The abbreviations e.g. (from the Latin exempli gratia) and i.e. (from the Latin id est) are often confused. This is because they are both used to introduce some clarification of something previously mentioned.
The abbreviation e.g. is used to provide an example:
• The restaurant has a wide variety of foods, e.g., vegetarian and non-vegetarian soups, Italian and French cuisine, and down-home American fare.
• He was accomplished at many sports (e.g., tennis, golf, baseball, and long distance runnning).
The abbreviation i.e. is used to restate an idea more clearly or offer more information.
• It happened in April, i.e., two months ago.
• A service charge is included in all prices; i.e., you don’t have to leave a tip.
Getting Them Wrong
Often mixing the abbreviations up does not mean your sentence is grammatically incorrect. However, getting them wrong will change the meaning of your sentence.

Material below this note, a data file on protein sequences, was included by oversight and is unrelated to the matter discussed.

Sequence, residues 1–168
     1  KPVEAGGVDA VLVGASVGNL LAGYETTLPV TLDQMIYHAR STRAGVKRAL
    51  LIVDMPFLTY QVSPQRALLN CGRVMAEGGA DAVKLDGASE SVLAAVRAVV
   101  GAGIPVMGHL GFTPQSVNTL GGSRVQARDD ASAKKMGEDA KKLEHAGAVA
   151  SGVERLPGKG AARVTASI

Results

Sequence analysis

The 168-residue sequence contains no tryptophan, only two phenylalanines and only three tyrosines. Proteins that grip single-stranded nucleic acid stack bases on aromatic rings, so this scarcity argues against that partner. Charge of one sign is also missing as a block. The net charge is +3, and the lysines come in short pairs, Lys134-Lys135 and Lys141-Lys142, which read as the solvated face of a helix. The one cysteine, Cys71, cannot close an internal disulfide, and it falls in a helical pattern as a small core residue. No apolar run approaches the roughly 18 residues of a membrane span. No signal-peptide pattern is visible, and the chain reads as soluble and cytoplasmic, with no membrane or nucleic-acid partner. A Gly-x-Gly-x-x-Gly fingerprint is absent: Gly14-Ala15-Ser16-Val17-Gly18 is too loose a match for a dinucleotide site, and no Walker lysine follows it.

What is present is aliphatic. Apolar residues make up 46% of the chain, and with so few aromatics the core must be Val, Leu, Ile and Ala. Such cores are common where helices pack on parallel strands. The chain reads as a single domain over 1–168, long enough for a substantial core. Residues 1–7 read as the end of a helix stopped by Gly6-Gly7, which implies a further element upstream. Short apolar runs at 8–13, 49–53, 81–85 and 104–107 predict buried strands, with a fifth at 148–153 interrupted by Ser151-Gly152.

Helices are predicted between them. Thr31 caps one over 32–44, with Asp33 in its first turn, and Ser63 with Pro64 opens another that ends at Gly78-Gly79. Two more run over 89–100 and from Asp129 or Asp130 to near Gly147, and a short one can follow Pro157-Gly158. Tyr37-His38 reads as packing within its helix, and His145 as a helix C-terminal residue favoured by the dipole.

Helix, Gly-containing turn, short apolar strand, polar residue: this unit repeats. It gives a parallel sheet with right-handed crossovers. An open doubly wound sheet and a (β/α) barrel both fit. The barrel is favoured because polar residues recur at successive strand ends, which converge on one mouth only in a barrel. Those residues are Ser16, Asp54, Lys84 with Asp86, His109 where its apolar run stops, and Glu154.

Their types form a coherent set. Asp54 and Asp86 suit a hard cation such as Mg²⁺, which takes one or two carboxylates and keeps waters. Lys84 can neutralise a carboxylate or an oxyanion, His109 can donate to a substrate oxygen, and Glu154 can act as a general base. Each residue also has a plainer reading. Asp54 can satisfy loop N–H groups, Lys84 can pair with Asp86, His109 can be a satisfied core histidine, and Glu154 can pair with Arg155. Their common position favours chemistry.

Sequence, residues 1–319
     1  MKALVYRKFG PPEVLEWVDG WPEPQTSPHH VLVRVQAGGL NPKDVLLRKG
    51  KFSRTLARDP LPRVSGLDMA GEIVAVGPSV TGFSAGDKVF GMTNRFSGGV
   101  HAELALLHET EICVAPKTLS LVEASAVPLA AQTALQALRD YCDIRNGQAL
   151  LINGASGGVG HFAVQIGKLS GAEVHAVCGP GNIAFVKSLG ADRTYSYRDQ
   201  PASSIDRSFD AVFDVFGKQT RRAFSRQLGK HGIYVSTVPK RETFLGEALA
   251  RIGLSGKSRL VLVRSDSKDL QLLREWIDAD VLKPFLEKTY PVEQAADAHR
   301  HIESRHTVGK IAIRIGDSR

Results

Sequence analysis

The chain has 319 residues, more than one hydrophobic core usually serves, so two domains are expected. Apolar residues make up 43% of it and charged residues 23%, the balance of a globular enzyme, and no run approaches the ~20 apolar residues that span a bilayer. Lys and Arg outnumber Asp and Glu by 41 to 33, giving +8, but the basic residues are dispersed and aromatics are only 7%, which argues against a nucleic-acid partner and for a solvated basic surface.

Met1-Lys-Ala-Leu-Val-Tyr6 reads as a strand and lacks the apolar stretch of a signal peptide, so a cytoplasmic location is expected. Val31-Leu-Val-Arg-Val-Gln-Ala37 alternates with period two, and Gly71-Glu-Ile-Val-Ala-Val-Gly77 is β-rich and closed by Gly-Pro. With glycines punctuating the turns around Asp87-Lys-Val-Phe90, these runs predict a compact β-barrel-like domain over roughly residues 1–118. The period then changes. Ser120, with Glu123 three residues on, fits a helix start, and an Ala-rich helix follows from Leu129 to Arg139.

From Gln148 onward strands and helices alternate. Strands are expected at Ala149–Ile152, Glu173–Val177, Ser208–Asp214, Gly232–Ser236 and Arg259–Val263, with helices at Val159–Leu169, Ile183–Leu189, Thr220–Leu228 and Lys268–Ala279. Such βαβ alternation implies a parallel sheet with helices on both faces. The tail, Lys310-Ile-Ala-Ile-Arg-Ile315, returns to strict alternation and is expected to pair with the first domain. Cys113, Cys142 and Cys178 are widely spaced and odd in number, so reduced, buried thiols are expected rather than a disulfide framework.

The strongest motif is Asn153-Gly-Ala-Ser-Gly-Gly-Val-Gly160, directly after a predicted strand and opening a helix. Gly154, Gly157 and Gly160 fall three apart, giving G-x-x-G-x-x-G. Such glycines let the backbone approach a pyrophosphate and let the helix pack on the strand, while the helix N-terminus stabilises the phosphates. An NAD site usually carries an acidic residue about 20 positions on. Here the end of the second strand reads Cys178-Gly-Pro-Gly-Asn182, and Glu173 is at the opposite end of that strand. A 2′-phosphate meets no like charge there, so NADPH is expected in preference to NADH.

• All amphibians are thriving in the new pond; e.g., the two bullfrogs were being very active yesterday.
• (This sentence is fine grammatically. From it, we infer that there are more amphibians than two bullfrogs in the pond.)
• All amphibians are thriving in the new pond; i.e., the two bullfrogs were being very active yesterday.
• (This sentence is fine grammatically. We infer that the only amphibians in the pond are the two bullfrogs.)
This may assist in remembering:
• e.g. = “example given”
• i.e. = “in effect”